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Senate Republicans' open seat money edge

By Aaron Blake

Republican candidates are continuing to dominate financially in key open seat Senate races while Democratic incumbents remain a fundraising bulwark for the party's majority status with less than four months left until election day.

Of the open seats considered toss-ups by the Cook Political Report, Republican candidates have significantly outraised their Democratic counter parts in four of seven races in the year's second quarter. (In the three others -- Illinois, Missouri and New Hampshire -- not all reports are in yet.)

The most egregious example of open-seat money woes for Democrats is in Ohio where former Rep. Rob Portman (R) raised $1.5 million more than Lt. Gov. Lee Fisher (D) over the past three months and ended June with an $8 million -- yes, you read that right -- cash on hand edge.

While Ohio is the extreme, the open seat situation doesn't get much better for Democrats in other key races:

* In Florida, former state House Speaker Marco Rubio (R) announced Monday that he raised an astronomical $4.5 million in the second quarter -- $3.5 million more than likely Democratic nominee Rep. Kendrick Meek brought in over the same time period. Gov. Charlie Crist (R), who is running as an independent, has yet to report his second quarter fundraising total.

* In Pennsylvania, former Rep. Pat Toomey (R) raised $3.1 million while Rep. Joe Sestak, following his Democratic primary upset of Sen. Arlen Specter in May, raked in $2 million.

* In Illinois, Rep. Mark Kirk (R) appears a good bet to again outraise state Treasurer Alexi Giannoulias (D). Kirk bested Giannoulias by $1 million in the first quarter, and the Democrat has yet to respond to Kirk's announcement of $2.3 million raised in the second quarter -- a stunning sum given that the Republican nominee endured a disastrous month (or so) of press regarding misstatements in his military resume.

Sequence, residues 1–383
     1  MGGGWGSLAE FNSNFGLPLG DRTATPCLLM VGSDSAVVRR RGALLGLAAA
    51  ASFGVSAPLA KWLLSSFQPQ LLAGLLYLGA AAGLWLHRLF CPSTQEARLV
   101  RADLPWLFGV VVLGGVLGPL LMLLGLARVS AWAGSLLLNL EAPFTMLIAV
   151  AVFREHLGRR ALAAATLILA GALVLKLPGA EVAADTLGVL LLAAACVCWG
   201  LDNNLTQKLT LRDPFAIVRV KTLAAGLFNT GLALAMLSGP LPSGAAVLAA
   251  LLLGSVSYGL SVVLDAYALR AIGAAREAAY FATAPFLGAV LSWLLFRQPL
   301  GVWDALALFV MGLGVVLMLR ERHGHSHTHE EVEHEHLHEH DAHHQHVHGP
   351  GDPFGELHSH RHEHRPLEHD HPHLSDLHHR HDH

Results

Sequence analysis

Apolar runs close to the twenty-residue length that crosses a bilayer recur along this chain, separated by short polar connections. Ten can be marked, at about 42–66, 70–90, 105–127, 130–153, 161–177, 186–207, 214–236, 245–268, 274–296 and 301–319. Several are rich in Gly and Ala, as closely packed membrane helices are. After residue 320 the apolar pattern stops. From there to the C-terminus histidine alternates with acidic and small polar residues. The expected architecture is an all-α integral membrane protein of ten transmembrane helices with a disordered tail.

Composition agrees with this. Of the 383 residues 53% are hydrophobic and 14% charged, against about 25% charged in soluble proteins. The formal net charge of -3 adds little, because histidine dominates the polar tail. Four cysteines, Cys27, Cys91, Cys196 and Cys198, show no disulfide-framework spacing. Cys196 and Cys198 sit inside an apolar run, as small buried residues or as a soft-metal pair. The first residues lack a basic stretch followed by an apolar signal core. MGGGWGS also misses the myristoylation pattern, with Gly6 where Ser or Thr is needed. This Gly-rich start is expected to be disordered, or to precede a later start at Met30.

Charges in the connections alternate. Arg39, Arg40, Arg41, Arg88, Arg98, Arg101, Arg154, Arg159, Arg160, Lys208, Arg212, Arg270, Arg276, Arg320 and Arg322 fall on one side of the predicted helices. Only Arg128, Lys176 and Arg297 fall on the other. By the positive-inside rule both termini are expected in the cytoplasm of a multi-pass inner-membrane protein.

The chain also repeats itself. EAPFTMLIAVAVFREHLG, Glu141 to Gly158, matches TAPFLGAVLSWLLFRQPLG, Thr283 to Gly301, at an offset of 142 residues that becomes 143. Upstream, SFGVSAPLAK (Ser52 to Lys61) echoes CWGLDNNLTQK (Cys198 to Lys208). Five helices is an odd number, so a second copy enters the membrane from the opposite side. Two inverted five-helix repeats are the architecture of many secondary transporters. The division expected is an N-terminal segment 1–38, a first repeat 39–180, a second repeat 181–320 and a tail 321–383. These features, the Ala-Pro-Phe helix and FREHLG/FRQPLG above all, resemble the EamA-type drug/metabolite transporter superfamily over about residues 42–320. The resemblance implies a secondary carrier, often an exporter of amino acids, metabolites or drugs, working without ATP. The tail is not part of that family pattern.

The best open seat news for Democrats so far in the second quarter comes from Kentucky where state Attorney General Jack Conway (D) announced today that he had raised $1 million in the quarter and self-funded another $400,000 to get his fundraising re-started following a May primary win. Conway's $1.4 million haul outpaced ophthalmologist Rand Paul's $1.1 million raised -- albeit not by all that much.

The current financial landscape makes the reports from Democratic candidates in open seat races in Connecticut, Missouri, New Hampshire, Delaware and Indiana all the more important.

Missouri Secretary of State Robin Carnahan (D-Mo.) has been a bright spot in the Democratic open seat world -- $5.4 million raised, $2.8 million on hand -- but still lagged slightly behind Rep. Roy Blunt (R) in each category at the end of the first quarter.

Ditto Indiana Rep. Brad Ellsworth who, as of mid-April, had $962,000 in the bank as compared to former Sen. Dan Coats' (R) unimpressive $292,000.

Democrats have high hopes for Newcastle County Executive Chris Coons (D) but he starts in a significant financial hole against Rep. Mike Castle (R). As of the start of the second quarter, Castle had $2.3 million in the bank while Coons showed $591,000 in the bank.

The financial advantages Senate Republicans enjoy in open seats coupled with what looks likely to be a good national environment for the party suggest that the GOP is well positioned to make gains in the states where no incumbent is running for re-election. (Worth noting: Five of the seven "toss up" races as rated by the Cook Report are currently held by Republicans, limiting somewhat their ability to make major gains.)